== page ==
Lastly, can we give the writer, Nick Spencer, a little bit of credit here? The man has shown that he understands Captain America's value as a symbol with the Sam Wilson: Captain America comic. I had said that I wouldn't be too interested in that series if they made Sam (The Falcon) the new Captain America and made it so all of America was fine with the idea of there being a black Captain America. Spencer went with that idea, with a whole lot of parallels to the national freak-out that happened when Obama became the Commander in Chief. He even managed to get the Fox News talking heads all discombobulated. In other words, he has earned the benefit of the doubt.

As for me, I dug the first issue, as there was a lot more going on than the "gotcha!" ending. And it should be noted that the art by Jesus Saiz is awesome. I'm looking forward to how this all plays out. If you are a comics reader and don't find it interesting, then that's fine. However, stop making sweeping judgments based solely on the first chapter of what will no doubt prove to be a lengthy saga. When it's all said and done, then let's evaluate it as to whether it's a highlight or a low point for the character. And even if it is a low point, the character will survive. If he could survive the cancellation of his series at the end of World War II, he'll get through this.

I'm glad to see that I'm not the only one who feels this way.

Sunday, May 8, 2016

Captain America: Civil War - movie review

The most significant thing for me about seeing this latest Marvel Studios film is that it's the first one that my wife and I brought my son to see in the theater. He's five, and he's seen pretty much all of them on video. When he sat through Captain America: Winter Soldier, and was absolutely fascinated with the brainwashed Bucky Barnes, I figured that he'd be fine to see the next installment in the theater.

How did he do? He got a bit fidgety during the long bouts of dialogue, but he was pretty riveted whenever somebody was in costume, and he was definitely enthralled every time there was a battle - especially if it involved The Winter Soldier. (Not sure why that character fascinates him so much.)

Here's my son's short review: "It was great and a lot of things happened."

As for my thoughts, anybody who reads my reviews knows that I'm going to find something to like in pretty much every comic book movie, especially the ones coming from Marvel Studios. Sometimes I add special caveats. With this one, let's just say that if you've enjoyed most of them, then you will probably like this one as well and might even include it in your top three. (Which is where I put it. Is it as great as the first Avengers film? Not sure if I'm willing to go there just yet. I'm not even sure if it's better than The Winter Soldier. But I have an easier time saying it's better than pretty much every other one.)

For those who don't know, this film borrows a story right out of the comics, while shifting around some details in order to make it fit a new storytelling format. The basic concept is that the governments of the world want to crack down on superheroes and basically make them accountable to the United Nations. Captain America, burned by his experiences with SHIELD, isn't willing to do that. His good friend Iron Man is, and the two wind up fighting with each one recruiting their own mini-army of like-minded heroes.

This movie does a nice job of picking up threads from both the previous Cap movie and Age of Ultron. Not only that, but there's a real arc with Captain America, who has gone from being a loyal boyscout in the first film to downright cynical of authority. Iron Man has made almost the reverse trajectory, as he's grown such a conscience that he's more than eager to have himself restrained. One could easily see each one of them fighting on the opposite side of this issue in each of their first films. (Think of the scene in Iron Man II where Tony Stark speaks before Congress.)

Another thing that was handled well was all of those characters. Did it make the movie a bit longer than it should have been? Perhaps. But I also enjoyed the big superhero fight where you got to see Ant-Man, Hawkeye, Spider-Man, The Black Panther, etc. all go at it. Did all of this make it feel more like an Avengers movie than a Captain America movie? Maybe. But the focus always came back on Cap, with Iron Man taking a close second.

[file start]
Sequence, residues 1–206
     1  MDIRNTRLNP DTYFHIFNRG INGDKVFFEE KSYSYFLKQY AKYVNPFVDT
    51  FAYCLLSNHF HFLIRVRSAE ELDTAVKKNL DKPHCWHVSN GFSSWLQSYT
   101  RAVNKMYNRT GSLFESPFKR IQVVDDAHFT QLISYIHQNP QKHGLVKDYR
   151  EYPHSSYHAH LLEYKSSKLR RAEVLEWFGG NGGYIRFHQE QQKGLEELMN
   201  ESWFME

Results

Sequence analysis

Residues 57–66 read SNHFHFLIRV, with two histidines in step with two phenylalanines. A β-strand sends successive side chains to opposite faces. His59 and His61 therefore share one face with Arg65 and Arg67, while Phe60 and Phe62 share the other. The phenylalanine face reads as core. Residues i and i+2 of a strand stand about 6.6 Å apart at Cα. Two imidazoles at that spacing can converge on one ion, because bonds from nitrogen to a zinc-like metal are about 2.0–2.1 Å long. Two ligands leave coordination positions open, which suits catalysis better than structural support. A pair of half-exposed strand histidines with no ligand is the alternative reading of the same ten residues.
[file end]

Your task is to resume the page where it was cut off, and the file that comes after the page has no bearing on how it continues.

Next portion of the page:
Anyway, here are some random thoughts:

Spider-Man - Tom Holland is getting a lot of praise in his turn as the webslinger, and it's well-earned. While I wouldn't go so far as to say his appearance in this makes it the "best Spider-Man film" (that still goes to Spider-Man 2) I will say that the upcoming Spider-Man: Homecoming has the potential to be the best Spider-Man film. It was great to see him as a kid, and even better, a guy who talks way too much while fighting. (And just like in the comics, the other characters are keen to point out that he needs to shut up.) Was his role totally necessary in this film? Maybe not. But just like you could cut out the bit in Hamlet where the Danish Prince interacts with a gravedigger and not have it affect the plot, I can't imagine this film without it.

The Black Panther - King T'Challa was a welcome addition to the story as well, and unlike Spider-Man, his role was far more necessary to the story. He functioned as somebody who was looking at everything from an outsider's perspective, which by this point the audience isn't going to be at. I don't want to say much more in fear of spoiling the plot, so I'll conclude this bit by saying that the action scenes were top-notch. He definitely has a style all his own. Also, he had a character arc that didn't feel forced despite his limited screen time.

Zemo - As an old fan of The Thunderbolts, I'm particularly fond of Baron Zemo as a villain, and I don't feel like this character was close enough to his comic book counterpart to even justify having the same name. Was this guy a decent villain? I suppose, and he certainly could have had more to do. I'm just hoping that maybe he can evolve into something closer to his comic book counterpart.

Ant-Man - Upon repeated viewings of his solo film, the character has grown on me. He was a welcome addition to this one as well. Even though his role was a small one, he nearly upstaged Spider-Man, which isn't an easy feat.

Batman v. Superman - Is it fair to even compare this film with that one? I think so. It's a superhero film. It's part of a bigger franchise. It features a lot of characters and hints at an even larger universe. But here's the deal - even though I gave a fairly decent review to BvS, the more I think about that one, the more I think about its flaws. I still insist that it had a lot of good stuff going for it. (And I'm excited that Ben Affleck is moving forward with his solo Batman film that he will direct.) However, it was a mess. Basically DC/Warner is trying to do what Marvel is doing, only they're not willing to do the legwork that's involved with this kind of universe building. Imagine if Civil War was the film that came out right after the first Iron Man. It's hard to have a lot at stake with Batman fighting Superman when it's their first film. However, it was heartbreaking to see Captain America and Iron Man pound away at each other because we've seen a friendship grow, develop, and evolve before it all went south.